annapolis, md. image of author scott turow

annapolis, md. image of author scott turow (Photo credit: Wikipedia)

In an interesting and politically charged Op-Ed piece in today’s New York Times, best selling author Scott Turow railed about a recent U.S. Supreme Court decision that permits textbooks made and sold abroad, and resold online and in chain discount stores domestically as another nail in the coffin toward “The Slow Death of the American Author.”  Although he doesn’t cite the SCOTUS case by name, we know that Turow is referring to the nation’s highest court’s decision last month in Kirtsaeng v. John Wiley & Sons holding that once copyrighted works are sold lawfully stateside or abroad, publishers and manufacturers lose the protection of U.S. copyright laws.

“We hold that the ‘first sale’ doctrine applies to copies of a copyrighted work lawfully made abroad,” wrote Associate Justice Stephen Breyer for the majority.

Turow posits that writers and authors constitutional protections which instruct Congress “to promote the progress of Science and the useful Arts by securing for limited Times to Authors and Inventors the exclusive Right to their respective Writings and Discoveries” are being trampled on.  He does not argue this to be the case for well known and highly regarded authors like himself but instead for “new and so-called midlist writers.”  These midlist writers do not have the bargaining power and leverage to negotiate in their contracts greater e-book royalties like their higher earning counterparts. Turow cites a fairly rigid rule that e-book authors only earn 25 percent of net receipts-about half of a traditional hardcover royalty.

You can click on the link in the first paragraph as to the many salient points Turow makes in the piece.  One important fact, however, that Turow does not make on behalf of his A-list and midlist brethren is the anecdotal situation going on regarding the reading of e-books in American families.  Relatives with one linked Amazon Kindle account can use the same user name and password to download books up to six times on various devices.   Downloads can occur on a Kindle, or on an iPhone or iPad with a Kindle application.  The same can occur with Nook users.  Presumably six different readers can read one downloaded work with the author only receiving royalties on the sale of one e-book.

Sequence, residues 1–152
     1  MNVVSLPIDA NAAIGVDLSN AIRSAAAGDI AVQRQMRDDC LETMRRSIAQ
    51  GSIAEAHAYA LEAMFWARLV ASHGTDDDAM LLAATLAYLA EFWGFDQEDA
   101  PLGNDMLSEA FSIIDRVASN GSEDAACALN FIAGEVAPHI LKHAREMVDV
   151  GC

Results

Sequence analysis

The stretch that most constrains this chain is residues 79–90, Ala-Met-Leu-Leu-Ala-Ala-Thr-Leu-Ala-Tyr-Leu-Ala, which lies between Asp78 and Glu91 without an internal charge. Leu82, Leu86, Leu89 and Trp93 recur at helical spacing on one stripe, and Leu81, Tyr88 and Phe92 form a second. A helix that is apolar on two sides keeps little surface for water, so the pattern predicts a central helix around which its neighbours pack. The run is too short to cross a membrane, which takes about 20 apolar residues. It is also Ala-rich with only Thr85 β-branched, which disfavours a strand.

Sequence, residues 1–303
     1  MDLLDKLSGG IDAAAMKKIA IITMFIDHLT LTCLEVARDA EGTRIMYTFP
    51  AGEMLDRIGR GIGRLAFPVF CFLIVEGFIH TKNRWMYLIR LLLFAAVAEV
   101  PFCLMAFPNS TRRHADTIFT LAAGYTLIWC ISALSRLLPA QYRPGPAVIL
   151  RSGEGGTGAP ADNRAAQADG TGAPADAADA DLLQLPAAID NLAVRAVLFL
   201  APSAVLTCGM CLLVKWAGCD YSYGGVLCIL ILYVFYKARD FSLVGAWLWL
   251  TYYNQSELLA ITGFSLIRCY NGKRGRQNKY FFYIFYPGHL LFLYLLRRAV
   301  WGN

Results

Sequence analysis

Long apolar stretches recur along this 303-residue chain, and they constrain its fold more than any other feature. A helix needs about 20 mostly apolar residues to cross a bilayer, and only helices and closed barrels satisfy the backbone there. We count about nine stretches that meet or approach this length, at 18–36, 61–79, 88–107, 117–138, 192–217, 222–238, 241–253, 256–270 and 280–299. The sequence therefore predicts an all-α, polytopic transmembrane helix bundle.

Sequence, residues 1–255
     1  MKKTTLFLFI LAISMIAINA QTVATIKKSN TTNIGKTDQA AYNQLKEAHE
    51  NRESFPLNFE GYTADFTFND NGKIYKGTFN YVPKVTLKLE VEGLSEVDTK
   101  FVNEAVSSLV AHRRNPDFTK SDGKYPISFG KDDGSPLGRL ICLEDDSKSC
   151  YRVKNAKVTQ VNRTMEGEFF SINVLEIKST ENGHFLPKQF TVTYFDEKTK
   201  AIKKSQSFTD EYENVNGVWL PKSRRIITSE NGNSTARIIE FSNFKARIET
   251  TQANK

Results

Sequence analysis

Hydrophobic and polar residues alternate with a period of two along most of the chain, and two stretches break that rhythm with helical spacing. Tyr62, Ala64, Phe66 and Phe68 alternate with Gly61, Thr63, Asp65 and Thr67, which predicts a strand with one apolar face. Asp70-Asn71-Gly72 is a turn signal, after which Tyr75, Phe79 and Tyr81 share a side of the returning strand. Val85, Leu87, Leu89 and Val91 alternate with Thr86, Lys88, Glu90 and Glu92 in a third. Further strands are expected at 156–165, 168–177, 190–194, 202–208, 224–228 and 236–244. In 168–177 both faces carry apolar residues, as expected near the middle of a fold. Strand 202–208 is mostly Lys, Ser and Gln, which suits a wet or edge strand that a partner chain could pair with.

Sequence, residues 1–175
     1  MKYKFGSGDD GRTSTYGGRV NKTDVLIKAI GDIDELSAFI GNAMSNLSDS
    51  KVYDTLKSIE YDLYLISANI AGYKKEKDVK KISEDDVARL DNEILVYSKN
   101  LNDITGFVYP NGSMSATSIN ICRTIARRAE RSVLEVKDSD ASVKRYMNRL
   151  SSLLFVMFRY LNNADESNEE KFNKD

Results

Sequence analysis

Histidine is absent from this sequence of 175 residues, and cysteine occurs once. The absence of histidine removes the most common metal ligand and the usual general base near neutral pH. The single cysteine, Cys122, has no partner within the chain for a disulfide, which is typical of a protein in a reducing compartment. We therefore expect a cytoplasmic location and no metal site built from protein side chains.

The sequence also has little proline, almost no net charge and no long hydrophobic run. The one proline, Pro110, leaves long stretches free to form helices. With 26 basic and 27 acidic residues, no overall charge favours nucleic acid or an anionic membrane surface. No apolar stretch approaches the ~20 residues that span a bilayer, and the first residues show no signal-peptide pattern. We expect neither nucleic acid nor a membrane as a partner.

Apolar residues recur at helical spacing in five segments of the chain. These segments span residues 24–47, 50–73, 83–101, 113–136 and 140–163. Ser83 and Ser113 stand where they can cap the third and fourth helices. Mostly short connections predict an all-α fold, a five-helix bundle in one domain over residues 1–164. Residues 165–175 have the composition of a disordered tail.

One can argue that this is no different than a person reading a traditional hardcover purchased in a store that is then loaned to one friend, returned to the owner and loaned anew to a different reader.  This can be repeated many times over.  The distinction, however, is that an individual wanting to read the book has to wait for one reader to finish, actually return the book to its rightful owner and have the owner physically hand off the book to the aspiring reader.  E-book downloads, on the other hand, can occur almost simultaneously with copies going out to up to six individuals with linked accounts who can be across the country or even on another continent.

As Turow fights for the rights of the American author, he should also acknowledge that, to some degree, earning potential for writers was chipped away somewhat years ago when agreements regarding downloads on Kindles and Nooks were made in the first place.  E-book authors should benefit from the rapidness and accessibility of their copyrighted work when it can be shared with up to six individuals in a virtual minute.  This agreement with Kindle and Nook diminished the value of copyrights long before the Supreme Court ruled.

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